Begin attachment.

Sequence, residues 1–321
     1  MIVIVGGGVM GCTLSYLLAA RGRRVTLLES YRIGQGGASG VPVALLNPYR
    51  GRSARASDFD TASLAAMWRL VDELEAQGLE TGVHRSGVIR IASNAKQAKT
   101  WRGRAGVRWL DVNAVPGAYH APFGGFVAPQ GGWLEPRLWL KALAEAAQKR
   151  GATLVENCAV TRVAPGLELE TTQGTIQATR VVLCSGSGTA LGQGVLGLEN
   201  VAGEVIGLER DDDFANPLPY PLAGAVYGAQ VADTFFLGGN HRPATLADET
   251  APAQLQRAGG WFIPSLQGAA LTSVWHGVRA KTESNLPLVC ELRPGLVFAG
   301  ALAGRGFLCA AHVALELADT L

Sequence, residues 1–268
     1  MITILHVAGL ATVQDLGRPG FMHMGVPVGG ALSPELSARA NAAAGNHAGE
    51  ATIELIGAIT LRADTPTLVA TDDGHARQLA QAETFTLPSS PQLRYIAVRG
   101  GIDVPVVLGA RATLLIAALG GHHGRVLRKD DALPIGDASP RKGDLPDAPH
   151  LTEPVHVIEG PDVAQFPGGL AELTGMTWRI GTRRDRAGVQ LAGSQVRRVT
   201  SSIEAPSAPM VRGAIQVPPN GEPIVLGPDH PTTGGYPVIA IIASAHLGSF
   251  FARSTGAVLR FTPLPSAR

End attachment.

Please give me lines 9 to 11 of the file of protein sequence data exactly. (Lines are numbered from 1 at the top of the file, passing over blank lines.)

Sequence, residues 1–268
     1  MITILHVAGL ATVQDLGRPG FMHMGVPVGG ALSPELSARA NAAAGNHAGE
    51  ATIELIGAIT LRADTPTLVA TDDGHARQLA QAETFTLPSS PQLRYIAVRG